The Australian National Insect Collection (ANIC)
The Australian National Insect Collection is the pre-eminent collection of Australian insects, maintained by CSIRO for researchers, industry and government agencies.
22 July 2011 | Updated 3 April 2013
The Australian National Insect Collection (ANIC) is the world's largest collection of Australian insects and related groups such as mites, spiders, earthworms, nematodes and centipedes.
ANIC is an important research collection used by CSIRO researchers, university staff and students, and scientists from Australian and international research organisations.
Millions of specimens
There are over 12 million specimens housed in the Collection which is maintained by CSIRO Ecosystem Sciences in Canberra, in the Australian Capital Territory.
The ANIC was started in 1928 and each year the collection grows by more than 100 000 specimens.
The ANIC comprises specimens collected by CSIRO staff as well as donations and bequests from individuals and other institutions.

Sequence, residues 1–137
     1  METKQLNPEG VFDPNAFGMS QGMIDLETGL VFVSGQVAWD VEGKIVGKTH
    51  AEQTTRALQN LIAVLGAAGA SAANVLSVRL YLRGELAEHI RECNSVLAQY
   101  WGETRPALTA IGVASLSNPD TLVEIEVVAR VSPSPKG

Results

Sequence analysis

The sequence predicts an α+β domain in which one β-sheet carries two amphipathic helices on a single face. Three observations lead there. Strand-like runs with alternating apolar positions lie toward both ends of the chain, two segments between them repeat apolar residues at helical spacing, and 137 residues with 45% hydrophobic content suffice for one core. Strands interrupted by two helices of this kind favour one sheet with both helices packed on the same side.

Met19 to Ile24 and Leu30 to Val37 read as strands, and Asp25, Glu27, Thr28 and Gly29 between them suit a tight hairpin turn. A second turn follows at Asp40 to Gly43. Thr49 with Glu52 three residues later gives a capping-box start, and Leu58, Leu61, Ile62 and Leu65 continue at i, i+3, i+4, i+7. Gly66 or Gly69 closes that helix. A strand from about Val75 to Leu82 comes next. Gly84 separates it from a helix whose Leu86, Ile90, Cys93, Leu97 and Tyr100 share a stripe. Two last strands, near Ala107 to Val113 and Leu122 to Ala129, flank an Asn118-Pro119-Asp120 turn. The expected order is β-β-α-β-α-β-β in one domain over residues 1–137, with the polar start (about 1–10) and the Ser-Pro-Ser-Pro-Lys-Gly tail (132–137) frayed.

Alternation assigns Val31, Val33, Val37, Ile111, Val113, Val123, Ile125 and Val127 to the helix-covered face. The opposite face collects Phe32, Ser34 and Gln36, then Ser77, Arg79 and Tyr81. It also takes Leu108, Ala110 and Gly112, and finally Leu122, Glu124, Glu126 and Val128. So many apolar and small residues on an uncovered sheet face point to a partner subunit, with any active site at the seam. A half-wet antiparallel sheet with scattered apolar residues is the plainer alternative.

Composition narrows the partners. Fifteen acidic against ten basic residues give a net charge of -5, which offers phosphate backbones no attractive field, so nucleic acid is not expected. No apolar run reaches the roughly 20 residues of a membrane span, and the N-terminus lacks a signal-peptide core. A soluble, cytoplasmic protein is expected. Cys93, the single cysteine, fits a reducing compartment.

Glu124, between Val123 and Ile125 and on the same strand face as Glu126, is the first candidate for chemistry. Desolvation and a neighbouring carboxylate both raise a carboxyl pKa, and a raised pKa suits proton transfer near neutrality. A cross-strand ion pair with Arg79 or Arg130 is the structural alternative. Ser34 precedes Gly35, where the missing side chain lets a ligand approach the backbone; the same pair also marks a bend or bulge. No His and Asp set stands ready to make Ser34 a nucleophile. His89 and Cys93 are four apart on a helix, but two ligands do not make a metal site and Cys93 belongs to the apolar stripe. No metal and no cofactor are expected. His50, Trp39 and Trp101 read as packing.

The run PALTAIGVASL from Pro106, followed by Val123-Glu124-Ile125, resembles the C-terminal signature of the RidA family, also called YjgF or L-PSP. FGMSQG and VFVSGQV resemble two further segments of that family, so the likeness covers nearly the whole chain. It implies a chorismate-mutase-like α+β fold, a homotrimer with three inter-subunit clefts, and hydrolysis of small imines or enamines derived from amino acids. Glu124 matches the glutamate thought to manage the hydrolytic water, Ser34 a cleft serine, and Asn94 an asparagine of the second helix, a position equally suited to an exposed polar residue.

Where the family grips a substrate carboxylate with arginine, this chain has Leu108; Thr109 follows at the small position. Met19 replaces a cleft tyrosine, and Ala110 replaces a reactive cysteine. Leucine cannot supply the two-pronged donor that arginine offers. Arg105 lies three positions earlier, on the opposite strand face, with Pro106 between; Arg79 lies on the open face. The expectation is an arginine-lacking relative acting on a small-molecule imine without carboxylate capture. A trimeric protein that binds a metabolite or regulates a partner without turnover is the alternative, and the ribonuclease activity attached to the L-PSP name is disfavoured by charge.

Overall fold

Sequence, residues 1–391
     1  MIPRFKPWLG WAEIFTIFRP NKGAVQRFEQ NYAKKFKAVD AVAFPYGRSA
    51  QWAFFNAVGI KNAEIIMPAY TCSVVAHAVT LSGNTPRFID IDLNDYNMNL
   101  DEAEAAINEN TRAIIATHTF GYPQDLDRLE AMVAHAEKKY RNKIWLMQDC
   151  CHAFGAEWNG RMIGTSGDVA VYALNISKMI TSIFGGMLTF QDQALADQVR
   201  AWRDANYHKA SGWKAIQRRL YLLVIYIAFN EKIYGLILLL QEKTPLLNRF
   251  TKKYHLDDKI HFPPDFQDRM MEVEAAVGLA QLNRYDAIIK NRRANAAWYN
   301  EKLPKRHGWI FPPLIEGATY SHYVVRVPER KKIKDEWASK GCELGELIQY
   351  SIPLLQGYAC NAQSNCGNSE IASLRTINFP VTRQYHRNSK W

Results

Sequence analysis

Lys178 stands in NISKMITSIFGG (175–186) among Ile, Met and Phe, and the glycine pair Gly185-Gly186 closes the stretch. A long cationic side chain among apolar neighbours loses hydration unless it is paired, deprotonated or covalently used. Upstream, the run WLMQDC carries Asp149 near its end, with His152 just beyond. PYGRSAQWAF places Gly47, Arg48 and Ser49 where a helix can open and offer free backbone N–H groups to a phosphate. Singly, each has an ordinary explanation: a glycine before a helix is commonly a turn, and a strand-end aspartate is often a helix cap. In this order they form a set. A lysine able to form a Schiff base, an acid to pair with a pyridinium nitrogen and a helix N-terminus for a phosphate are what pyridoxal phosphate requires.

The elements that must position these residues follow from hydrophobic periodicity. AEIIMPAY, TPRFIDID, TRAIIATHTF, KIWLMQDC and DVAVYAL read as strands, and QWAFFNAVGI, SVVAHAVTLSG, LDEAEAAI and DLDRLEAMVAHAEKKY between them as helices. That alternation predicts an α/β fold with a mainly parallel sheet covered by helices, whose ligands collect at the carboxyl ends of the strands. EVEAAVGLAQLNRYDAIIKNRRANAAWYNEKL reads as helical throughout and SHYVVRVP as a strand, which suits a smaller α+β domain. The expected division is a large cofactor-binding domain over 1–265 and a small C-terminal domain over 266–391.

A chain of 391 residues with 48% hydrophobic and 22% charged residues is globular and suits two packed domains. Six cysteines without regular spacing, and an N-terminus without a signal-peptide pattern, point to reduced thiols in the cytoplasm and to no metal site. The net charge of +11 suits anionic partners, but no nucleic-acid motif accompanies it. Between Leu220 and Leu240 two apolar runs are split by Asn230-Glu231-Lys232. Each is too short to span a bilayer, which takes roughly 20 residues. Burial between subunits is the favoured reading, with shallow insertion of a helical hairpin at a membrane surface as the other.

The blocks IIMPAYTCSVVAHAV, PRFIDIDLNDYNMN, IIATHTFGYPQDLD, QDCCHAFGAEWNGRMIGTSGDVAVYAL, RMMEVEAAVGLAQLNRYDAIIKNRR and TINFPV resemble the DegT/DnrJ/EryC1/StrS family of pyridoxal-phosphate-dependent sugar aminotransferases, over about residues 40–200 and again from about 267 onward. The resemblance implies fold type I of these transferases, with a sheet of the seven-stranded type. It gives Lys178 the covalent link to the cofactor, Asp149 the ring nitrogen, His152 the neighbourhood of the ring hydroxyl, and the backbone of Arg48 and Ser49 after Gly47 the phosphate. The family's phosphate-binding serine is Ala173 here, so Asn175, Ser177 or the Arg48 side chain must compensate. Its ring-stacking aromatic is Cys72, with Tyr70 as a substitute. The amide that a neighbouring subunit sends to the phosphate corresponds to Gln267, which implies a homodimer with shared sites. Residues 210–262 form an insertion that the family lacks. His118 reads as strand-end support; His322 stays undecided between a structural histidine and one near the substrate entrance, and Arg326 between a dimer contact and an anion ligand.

The ANIC is a 'physical database' with each specimen being a unique source of biological information.
The Collection is a valuable resource for researchers, industry and government in the areas of:
There are over 12 million specimens housed in the insect collection, maintained by CSIRO Ecosystem Sciences in Canberra.
Sharing insect knowledge
Managing and sharing the biodiversity information contained in ANIC is a key strategic goal for the collection. Each year, thousands of specimens are digitised and their data delivered through informatics portals such as the Atlas of Living Australia (ALA) and the Global Biodiversity Information Facility (GBIF).
The Collection is maintained by CSIRO staff and by a team of hard-working volunteers. To find out more about the ANIC's people visit the staff list and the volunteer scheme.
Major funding sources
Significant funding for various ANIC activities has been provided by:
Find out more about the Australian National Insect Collection (ANIC).